Armor-Piercing Question
aka: Armour Piercing Question

http://static.tvtropes.org/pmwiki/pub/images/Piercing_question_1206.jpg
The injury is imaginary,
but the pain is very real.

Detective Del Spooner: Robots don't feel fear. They don't feel anything. They don't eat, they don't sleep—
Sonny: I do. I have even had dreams.
Detective Del Spooner: Human beings have dreams. Even dogs have dreams. But not you. You are just a machine. An imitation of life. Can a robot write a symphony? Can a robot turn a canvas into a beautiful masterpiece?
Sonny: ...can you?

Ever since Socrates, the power of the question to provoke insight has been well acknowledged. Sometimes a single question, well phrased and well timed, can collapse a person's mental defenses and throw their entire worldview into doubt.

Whether it's The Mentor trying to force their student to learn a vital lesson, or a villain trying to reduce a hero to a wreck, or a hero trying to show a villain how wrong they've been all this time, or somebody desperately trying to force the kid on the sidelines to realize they are meant to do something... more, a good Armor Piercing Question either cuts directly to the heart of a person's worldview, obsession, or psyche, or else forces the listener to confront unpleasant truths that they either didn't want to face or didn't even consider.

This sometimes translates into people using a continued line of questioning to upset or enlighten other characters. Among the most powerful forms of this is finding a single question and formulating it so the answer forces your target to face something difficult to admit, and keep pounding it. In this variant, the key is to find a question with an answer that cuts close to the bone and not let up.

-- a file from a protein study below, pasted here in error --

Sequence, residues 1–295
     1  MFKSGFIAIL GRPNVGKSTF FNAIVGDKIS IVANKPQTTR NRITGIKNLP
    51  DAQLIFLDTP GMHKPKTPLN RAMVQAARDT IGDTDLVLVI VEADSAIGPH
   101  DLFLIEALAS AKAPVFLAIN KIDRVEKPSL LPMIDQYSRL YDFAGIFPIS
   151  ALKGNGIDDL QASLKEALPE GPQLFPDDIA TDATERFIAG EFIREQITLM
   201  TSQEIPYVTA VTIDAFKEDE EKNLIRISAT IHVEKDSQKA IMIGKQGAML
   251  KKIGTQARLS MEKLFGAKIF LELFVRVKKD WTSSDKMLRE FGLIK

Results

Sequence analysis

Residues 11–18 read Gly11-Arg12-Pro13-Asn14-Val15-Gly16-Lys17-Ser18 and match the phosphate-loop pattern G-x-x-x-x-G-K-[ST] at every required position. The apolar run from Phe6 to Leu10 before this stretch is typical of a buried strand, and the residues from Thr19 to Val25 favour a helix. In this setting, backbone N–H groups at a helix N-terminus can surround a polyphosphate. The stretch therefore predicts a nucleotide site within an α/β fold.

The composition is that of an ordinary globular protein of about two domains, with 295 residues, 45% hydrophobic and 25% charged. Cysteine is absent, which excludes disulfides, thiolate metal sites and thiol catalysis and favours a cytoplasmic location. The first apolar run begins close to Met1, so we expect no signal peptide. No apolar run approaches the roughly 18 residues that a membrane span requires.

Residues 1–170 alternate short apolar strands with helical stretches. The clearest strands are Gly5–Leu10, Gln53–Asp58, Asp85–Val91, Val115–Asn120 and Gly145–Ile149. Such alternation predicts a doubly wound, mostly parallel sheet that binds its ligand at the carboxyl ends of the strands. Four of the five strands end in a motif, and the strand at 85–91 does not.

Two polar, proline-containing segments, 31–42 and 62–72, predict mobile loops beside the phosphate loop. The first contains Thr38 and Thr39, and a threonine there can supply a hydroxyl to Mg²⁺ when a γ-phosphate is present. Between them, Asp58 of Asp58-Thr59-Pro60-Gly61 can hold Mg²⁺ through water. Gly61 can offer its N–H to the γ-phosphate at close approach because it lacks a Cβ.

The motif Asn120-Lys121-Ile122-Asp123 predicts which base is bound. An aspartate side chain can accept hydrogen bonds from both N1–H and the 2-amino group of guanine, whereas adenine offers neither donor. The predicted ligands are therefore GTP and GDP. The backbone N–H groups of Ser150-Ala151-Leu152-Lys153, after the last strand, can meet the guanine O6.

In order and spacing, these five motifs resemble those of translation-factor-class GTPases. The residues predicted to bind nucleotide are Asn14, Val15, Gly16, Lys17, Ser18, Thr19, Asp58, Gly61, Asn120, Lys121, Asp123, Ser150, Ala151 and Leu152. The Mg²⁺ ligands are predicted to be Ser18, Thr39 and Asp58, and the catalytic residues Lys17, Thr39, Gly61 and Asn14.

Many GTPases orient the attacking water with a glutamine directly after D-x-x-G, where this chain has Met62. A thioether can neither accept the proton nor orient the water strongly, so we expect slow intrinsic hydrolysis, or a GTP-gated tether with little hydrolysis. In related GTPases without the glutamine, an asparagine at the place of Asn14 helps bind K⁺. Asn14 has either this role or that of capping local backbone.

May involve, but is not necessarily related to, Armor-Piercing Slap.

The Constantly Curious often comes up with an Armor-Piercing Question in total innocence, being, like many children, Too Dumb to Fool.

This is a real technique used in psychotherapy, education, religious groups, and debates; the Socratic method taken to its extreme, it's occasionally known as the "Synanon Game". Note that it's usually not as effective as it is in fiction, especially when pointing out doublethink; one common reaction is to verbally attack the person causing the cognitive dissonance. Or the person may simply leave the discussion, or rationalize away the point, etc.

Compare Break Them by Talking, Hannibal Lecture, What Is Evil?, The Only Way They Will Learn, Figure It Out Yourself, Koan, Cryptic Conversation, Wham Line.

Super Trope to And Then What?, which is about a specific subset of armor-piercing question to make the target think about life beyond their plan.

Compare and contrast Armor-Piercing Response, when it's a response (instead of a question) that brings the other guy to a shock. It can be used to answer an Armor-Piercing Question, but it's just as likely to be used against an entirely innocent remark.


Examples:

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    Music 
  • Death Cab for Cutie's "What Sarah Said": "So who's gonna watch you die?"
  • "What Would You Do?" by City High, where the viewpoint character gets put in is place when he asks a girl he went to school with why she's stripping for money.
    What would you do if your son was at home, crying all alone on the bedroom floor,
    Cause he's hungry and the only way to feed him is to sleep with a man for a little bit of money?
    And his daddy's gone in and out of lock down, I ain't got a job now, He's just smokin' rock now,
    So for you this is just a good time
    But for me this is what I call life
    And all I know is
    If my mama can do it
    Baby, you can do it